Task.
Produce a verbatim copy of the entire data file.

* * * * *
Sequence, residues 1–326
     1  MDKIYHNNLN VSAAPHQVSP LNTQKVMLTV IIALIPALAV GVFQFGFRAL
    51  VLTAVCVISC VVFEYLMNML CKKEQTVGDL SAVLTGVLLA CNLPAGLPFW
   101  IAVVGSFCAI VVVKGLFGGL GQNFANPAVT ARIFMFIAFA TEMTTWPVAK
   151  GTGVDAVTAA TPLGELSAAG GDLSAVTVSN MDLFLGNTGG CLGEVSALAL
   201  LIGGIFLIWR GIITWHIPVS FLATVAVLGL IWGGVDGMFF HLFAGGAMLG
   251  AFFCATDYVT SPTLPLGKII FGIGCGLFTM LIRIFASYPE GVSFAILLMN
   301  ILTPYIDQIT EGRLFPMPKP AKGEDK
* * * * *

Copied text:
Sequence, residues 1–326
     1  MDKIYHNNLN VSAAPHQVSP LNTQKVMLTV IIALIPALAV GVFQFGFRAL
    51  VLTAVCVISC VVFEYLMNML CKKEQTVGDL SAVLTGVLLA CNLPAGLPFW
   101  IAVVGSFCAI VVVKGLFGGL GQNFANPAVT ARIFMFIAFA TEMTTWPVAK
   151  GTGVDAVTAA TPLGELSAAG GDLSAVTVSN MDLFLGNTGG CLGEVSALAL
   201  LIGGIFLIWR GIITWHIPVS FLATVAVLGL IWGGVDGMFF HLFAGGAMLG
   251  AFFCATDYVT SPTLPLGKII FGIGCGLFTM LIRIFASYPE GVSFAILLMN
   301  ILTPYIDQIT EGRLFPMPKP AKGEDK